The Poem (Masterplots II: Poetry, Revised Edition)
“Annabel Lee” is in some ways a simple ballad—that is, a narrative poem intended to be recited or sung. The first four lines of the six-line first stanza are written in the traditional ballad stanza form. The rhyme scheme is abab, the first and third lines have four metrical feet, and the second and fourth lines have three feet. The language, too, is conventional for a ballad. The poem begins: “It was many and many a year ago,/ In a kingdom by the sea.” This is the language of fairy tales, of beautiful princesses and their admirers, of great deeds and tragic consequences.
The poem is written in the first person, spoken by a man who was once the lover of “the beautiful Annabel Lee.” The story, as it unfolds through six stanzas of six to eight lines each, is a simple one.
When the speaker and Annabel Lee were young (“I was a child and she was a child”), they loved each other passionately “in a kingdom by the sea.” There is some evidence that the couple were actually married; at one point the speaker refers to Annabel Lee as his “bride.” So great was their love that even the angels, who were “not half so happy in heaven,” were envious of it. In their jealousy, the angels sent a chilling wind and killed Annabel Lee.
There are hints that it was not only the angels who disapproved of this courtship. The narrator reveals resentment of Annabel Lee’s “highborn kinsmen” who take her away after...
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Forms and Devices (Masterplots II: Poetry, Revised Edition)
If “Annabel Lee” has become one of Poe’s most popular poems, its popularity is probably attributable to its haunting rhythm, its lulling repetition. Like many of Poe’s poems—and this is no slight to them—the sound is more significant than the thematic content. The story takes place “in a kingdom by the sea,” and Poe takes great pains to capture the sound of the sea in his poem. A wavelike cadence is suggested by the rhymes on the three-foot lines; all the shorter lines in the poem end with the same e sound.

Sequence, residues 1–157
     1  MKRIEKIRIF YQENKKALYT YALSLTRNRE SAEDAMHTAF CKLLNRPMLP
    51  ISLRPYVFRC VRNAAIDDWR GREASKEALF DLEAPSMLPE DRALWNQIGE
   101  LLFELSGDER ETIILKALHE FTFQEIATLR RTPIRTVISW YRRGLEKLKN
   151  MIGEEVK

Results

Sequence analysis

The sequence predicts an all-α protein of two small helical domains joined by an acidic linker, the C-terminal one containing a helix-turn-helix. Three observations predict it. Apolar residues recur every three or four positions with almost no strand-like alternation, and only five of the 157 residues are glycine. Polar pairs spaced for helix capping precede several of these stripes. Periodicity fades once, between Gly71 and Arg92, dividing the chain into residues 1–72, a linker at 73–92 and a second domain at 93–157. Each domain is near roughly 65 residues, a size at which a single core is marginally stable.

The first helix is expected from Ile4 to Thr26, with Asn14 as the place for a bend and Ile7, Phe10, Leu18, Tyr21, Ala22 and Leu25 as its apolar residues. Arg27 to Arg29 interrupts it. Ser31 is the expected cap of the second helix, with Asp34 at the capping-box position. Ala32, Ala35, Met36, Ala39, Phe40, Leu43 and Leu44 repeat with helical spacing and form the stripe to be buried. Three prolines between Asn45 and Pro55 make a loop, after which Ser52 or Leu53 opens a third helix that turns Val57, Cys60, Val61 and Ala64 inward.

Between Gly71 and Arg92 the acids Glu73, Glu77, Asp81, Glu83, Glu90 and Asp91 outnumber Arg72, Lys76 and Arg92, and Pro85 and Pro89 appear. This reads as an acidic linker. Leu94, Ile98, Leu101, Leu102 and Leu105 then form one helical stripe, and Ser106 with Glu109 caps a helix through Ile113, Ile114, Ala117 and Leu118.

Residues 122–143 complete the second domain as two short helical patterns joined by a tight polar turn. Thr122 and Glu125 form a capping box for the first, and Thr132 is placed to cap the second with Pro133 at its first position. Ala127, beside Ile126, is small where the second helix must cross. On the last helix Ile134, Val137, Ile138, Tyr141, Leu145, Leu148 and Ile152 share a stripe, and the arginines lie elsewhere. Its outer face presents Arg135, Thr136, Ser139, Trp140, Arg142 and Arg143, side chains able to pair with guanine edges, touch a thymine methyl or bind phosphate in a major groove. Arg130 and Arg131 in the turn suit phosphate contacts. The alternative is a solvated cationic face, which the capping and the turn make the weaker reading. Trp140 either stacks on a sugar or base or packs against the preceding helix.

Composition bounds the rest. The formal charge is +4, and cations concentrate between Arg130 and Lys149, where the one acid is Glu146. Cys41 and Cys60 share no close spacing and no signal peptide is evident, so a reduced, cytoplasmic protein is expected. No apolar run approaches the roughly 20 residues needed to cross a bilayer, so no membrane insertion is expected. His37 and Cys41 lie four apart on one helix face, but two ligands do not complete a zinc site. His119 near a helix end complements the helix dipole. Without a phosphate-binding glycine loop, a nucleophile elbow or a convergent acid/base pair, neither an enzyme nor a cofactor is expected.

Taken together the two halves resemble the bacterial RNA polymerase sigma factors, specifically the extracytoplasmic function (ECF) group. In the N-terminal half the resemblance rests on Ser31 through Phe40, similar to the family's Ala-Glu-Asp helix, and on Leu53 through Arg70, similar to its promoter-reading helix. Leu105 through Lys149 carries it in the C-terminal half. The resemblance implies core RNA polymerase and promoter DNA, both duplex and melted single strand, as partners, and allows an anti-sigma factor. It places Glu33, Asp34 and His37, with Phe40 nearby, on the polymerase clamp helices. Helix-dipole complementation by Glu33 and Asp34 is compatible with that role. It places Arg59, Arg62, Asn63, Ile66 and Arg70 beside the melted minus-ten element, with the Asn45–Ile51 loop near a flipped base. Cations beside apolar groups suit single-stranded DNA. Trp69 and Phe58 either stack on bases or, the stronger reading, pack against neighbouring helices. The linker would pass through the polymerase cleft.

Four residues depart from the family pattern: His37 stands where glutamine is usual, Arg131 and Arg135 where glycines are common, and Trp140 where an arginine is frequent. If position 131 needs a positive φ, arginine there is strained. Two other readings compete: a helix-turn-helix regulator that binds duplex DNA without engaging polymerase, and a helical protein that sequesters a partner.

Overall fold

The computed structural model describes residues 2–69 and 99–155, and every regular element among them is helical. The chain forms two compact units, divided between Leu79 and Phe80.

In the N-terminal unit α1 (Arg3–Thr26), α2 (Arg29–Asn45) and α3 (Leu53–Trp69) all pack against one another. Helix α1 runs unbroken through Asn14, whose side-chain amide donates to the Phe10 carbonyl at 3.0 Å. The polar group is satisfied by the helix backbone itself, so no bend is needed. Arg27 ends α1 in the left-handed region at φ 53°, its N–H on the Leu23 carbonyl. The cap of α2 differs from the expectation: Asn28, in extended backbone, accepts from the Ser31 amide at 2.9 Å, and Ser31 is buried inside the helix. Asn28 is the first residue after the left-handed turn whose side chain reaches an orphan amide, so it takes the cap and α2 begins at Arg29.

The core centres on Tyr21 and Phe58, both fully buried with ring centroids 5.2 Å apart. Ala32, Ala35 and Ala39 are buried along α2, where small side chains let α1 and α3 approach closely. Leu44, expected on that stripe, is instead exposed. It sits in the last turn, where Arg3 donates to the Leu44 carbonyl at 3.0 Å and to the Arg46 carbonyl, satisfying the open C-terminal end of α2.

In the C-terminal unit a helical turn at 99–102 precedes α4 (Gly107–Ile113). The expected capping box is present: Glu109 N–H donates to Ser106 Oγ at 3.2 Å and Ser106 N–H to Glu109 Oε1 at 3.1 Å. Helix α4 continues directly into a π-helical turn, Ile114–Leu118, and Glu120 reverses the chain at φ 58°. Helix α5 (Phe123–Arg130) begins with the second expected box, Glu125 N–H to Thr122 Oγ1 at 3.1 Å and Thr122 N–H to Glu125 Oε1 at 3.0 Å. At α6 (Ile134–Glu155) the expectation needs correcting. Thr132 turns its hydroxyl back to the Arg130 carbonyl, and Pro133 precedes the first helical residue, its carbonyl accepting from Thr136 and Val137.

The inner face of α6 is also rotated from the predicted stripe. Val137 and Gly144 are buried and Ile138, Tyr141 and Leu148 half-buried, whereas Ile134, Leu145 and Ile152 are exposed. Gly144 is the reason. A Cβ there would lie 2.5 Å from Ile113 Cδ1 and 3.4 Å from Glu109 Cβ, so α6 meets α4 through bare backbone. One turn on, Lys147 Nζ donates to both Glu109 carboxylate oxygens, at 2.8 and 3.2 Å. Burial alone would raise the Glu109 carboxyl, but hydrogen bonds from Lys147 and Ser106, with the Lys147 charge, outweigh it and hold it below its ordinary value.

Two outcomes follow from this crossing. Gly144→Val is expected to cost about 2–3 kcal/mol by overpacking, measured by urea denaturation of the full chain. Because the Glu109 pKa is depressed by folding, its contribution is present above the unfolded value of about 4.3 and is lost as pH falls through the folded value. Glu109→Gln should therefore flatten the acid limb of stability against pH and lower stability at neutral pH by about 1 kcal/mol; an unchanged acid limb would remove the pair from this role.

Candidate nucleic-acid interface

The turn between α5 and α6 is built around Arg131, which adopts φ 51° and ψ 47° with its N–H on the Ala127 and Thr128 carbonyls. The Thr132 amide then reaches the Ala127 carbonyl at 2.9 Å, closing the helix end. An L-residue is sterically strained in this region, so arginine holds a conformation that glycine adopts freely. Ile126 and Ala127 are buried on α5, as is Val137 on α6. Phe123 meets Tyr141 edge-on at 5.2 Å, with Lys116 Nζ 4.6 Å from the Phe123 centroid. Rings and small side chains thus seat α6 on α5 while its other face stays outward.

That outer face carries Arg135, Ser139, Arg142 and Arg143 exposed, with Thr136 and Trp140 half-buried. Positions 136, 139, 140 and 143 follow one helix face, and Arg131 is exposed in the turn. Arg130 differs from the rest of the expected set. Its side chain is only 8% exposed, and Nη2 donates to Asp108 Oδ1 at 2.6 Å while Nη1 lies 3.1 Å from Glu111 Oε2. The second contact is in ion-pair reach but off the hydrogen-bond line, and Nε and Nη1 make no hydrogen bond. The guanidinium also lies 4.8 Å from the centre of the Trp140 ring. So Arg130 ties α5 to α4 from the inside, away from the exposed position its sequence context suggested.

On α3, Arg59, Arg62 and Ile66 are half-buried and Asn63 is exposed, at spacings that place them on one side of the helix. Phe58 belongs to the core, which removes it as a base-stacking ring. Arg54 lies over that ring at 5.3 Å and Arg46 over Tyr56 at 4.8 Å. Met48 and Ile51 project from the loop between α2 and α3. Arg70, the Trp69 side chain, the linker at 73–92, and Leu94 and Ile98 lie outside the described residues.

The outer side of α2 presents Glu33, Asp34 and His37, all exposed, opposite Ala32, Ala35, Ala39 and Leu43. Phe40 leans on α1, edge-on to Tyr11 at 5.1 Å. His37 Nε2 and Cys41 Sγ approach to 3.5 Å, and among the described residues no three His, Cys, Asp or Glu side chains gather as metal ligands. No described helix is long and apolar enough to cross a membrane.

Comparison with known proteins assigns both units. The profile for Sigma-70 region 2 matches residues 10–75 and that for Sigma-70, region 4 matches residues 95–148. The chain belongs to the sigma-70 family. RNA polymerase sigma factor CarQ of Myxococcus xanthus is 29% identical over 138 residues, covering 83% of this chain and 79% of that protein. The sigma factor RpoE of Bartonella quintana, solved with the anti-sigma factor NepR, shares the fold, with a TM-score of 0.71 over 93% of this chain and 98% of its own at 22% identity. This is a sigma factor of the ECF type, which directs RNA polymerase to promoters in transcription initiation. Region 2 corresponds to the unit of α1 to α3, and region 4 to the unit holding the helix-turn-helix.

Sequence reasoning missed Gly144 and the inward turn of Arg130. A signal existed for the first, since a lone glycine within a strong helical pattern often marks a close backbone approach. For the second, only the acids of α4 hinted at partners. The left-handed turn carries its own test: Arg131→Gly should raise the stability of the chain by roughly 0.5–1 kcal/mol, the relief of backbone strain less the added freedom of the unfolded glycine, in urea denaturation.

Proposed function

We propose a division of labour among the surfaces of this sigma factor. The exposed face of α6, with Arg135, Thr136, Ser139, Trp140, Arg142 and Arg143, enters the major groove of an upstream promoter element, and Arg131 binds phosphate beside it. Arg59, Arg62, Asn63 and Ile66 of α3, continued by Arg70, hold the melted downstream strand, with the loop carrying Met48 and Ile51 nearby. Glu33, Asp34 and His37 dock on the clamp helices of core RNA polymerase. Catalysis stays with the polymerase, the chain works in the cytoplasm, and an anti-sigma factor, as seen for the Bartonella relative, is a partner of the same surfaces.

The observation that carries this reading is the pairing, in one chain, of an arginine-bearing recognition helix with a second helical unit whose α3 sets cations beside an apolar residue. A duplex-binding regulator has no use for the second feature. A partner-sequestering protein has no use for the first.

The echoing of “sea,” “Lee,” and “me” throughout the poem is hypnotic. Like the sound of waves in the background, the reader gradually stops being aware of the repetitive sound but is stirred by it on a subconscious level. Internal rhyme also contributes to this wavelike rhythm. In phrases such as “can never dissever” and “chilling and killing,” the stressed syllables seem to receive a bit of additional stress because of the rhyme, and the effect is of regular, lulling pulses.
The poet uses the power of his rhythm to particular effect in stanza 5, where he breaks out of the established pattern of alternating three-and four-foot lines. In this stanza, he adds an extra three-foot line: “Of those who were older than we—/ Of many far wiser than we—.” The unexpected change in rhythm jars the reader out of a lulled, dreamlike state for a moment, so that the irony of these two lines is not...
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Compare and Contrast
Topics for Further Study
What Do I Read Next?
Bibliography and Further Reading
Bibliography (Masterplots II: Poetry, Revised Edition)
Burluck, Michael L. Grim Phantasms: Fear in Poe’s Short Fiction. New York: Garland, 1993.
Hoffman, Daniel. Poe Poe Poe Poe Poe Poe Poe. Baton Rouge: Louisiana State University Press, 1998.
Hutchisson, James M. Poe. Jackson: University Press of Mississippi, 2005.
Irwin, John T. The Mystery to a Solution: Poe, Borges, and the Analytical Detective Story. Baltimore: Johns Hopkins University Press, 1994.
Kennedy, J. Gerald. A Historical Guide to Edgar Allan Poe. New York: Oxford University Press, 2001.
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